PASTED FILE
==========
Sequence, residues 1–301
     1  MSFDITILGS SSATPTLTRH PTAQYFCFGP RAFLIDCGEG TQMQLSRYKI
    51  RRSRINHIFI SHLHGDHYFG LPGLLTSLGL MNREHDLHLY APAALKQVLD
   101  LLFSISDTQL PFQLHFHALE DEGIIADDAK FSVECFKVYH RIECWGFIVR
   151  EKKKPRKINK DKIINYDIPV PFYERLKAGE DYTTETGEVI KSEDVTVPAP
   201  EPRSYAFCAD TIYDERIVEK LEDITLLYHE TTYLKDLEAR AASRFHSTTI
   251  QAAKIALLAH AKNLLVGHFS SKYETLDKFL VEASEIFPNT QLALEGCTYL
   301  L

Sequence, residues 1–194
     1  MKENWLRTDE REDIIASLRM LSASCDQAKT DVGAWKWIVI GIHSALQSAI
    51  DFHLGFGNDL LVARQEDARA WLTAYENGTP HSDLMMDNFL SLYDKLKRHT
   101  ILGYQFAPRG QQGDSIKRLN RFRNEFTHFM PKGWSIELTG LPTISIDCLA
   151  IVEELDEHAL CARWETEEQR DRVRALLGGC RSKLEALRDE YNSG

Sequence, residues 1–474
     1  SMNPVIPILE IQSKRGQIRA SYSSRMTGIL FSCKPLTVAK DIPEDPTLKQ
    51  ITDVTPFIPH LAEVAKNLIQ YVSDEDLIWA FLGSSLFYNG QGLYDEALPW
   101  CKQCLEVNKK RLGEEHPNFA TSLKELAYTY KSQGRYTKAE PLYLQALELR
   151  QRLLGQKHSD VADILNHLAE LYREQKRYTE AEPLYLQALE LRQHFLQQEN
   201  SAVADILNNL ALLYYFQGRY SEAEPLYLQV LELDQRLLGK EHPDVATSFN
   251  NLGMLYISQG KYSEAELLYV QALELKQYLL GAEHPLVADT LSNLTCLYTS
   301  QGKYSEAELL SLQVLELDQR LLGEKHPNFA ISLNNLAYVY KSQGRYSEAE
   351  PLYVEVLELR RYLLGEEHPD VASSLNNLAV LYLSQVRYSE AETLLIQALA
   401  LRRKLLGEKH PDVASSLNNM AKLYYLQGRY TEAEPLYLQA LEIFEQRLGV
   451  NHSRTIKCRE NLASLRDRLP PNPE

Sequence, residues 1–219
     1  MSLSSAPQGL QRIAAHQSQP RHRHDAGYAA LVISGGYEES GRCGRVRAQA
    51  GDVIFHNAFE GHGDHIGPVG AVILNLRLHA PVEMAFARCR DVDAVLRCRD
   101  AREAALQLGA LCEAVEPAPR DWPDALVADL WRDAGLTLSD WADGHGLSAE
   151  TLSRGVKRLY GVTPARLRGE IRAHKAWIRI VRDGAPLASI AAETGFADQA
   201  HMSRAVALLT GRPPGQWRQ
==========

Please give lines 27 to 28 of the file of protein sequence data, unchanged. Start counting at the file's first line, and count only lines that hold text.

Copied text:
    51  GDVIFHNAFE GHGDHIGPVG AVILNLRLHA PVEMAFARCR DVDAVLRCRD
   101  AREAALQLGA LCEAVEPAPR DWPDALVADL WRDAGLTLSD WADGHGLSAE